Seismic testing underway for carbon dioxide sequestration project

Seismic testing is underway at the site of the proposed carbon capture and storage project in development at the Great Plains Synfuels Plant. The testing is part of the ongoing baseline monitoring operations for a project that will permanently store carbon dioxide from the plant underground. 

Seismic surveys are a tool geologists and geophysicists use to understand subsurface geology by looking at rock layers miles under the ground.

During the testing of the area, 11 pounds of dynamite will be placed in 120-foot-deep holes every 100 feet. According to Brad MacKinnon, project manager of Echo Seismic, the company conducting the seismic testing at Dakota Gas, both dynamite and vibroseis (which vibrates the ground at high frequency) will be used in the testing. “While dynamite typically has more accurate data, it does come with a higher cost and longer preparation time, so both methods will be used for a direct comparison of the same location. This will help with future monitoring of the injection well,” MacKinnon said.

After the dynamite is placed in the holes, it is detonated one at a time and nearly 500 geophones attached to a computer record the energy that comes back after the blasts. “The energy from the blast goes down into the ground and we record the amount of energy and the time it takes for it to come back,” MacKinnon said. “That tells us the density of what is down there.”

The data from the testing will give a baseline reading of the geology and formations of the area where carbon dioxide (CO2) from the plant will be injected. Once the CO2 is injected, upcoming seismic surveys will track its movement.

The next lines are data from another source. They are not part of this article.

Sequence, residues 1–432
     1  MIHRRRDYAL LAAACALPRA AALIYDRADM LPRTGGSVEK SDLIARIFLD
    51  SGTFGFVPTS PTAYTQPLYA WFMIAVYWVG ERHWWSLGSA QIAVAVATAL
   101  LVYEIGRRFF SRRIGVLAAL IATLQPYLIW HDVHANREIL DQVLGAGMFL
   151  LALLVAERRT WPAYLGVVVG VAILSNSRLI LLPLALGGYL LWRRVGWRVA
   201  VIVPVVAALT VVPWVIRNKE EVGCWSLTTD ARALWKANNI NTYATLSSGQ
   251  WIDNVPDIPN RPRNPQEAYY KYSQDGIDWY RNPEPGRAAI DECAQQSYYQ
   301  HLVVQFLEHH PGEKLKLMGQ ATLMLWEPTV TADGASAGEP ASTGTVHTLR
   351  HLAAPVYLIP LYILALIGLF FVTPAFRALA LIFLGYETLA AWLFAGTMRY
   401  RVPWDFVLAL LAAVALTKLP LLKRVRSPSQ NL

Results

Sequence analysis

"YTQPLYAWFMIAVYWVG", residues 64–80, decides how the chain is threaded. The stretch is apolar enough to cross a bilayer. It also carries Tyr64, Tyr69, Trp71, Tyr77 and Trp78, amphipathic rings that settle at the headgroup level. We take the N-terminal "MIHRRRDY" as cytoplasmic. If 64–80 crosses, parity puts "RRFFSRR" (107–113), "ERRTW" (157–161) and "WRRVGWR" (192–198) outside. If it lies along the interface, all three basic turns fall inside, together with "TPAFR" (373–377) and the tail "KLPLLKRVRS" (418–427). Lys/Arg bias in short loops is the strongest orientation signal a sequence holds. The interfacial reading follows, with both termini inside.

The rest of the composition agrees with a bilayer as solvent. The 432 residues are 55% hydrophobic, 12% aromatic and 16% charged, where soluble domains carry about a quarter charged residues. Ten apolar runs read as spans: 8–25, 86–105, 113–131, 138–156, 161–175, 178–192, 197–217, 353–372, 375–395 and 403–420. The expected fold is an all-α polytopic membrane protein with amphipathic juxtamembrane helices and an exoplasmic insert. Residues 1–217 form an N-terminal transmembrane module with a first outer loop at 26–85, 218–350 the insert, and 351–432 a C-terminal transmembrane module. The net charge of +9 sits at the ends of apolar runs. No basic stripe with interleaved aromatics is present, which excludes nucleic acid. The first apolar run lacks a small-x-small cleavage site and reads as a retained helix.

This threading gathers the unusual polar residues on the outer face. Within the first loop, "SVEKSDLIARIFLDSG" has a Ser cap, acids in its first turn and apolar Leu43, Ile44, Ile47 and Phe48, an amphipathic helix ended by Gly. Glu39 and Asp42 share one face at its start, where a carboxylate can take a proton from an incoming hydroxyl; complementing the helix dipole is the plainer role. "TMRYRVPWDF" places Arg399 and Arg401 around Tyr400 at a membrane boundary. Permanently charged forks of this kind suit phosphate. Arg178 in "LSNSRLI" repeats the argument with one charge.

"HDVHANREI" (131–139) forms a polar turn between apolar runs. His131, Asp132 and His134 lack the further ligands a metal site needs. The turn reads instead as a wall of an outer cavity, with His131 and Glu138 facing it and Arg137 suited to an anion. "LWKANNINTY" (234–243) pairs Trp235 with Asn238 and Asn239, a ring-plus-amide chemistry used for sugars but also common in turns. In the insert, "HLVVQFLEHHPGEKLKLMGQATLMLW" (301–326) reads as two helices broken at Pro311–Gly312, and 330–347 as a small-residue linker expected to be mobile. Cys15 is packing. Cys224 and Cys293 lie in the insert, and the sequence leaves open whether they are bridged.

“The CO2 will be injected in the Broom Creek (rock) Formation 6,000 feet underground,” said Kevin Solie, Basin Electric senior environmental compliance administrator. “Directly above and below the injection site are nearly impervious 130-foot-thick sealing rocks that will keep the CO2 in place. And above that, there is nearly a mile of rock between injection zone and the nearest fresh water zone, so once the CO2 is in the ground, we believe it’s there to stay.”

Basin Electric, Dakota Gas, the Energy and Environmental Research Center, and Carbon Vault (the company that will construct and operate the injection wells) are currently in the process of preparing a permit application to the North Dakota Industrial Commission, the agency that regulates the underground storage of CO2. The seismic testing is part of that permitting process.


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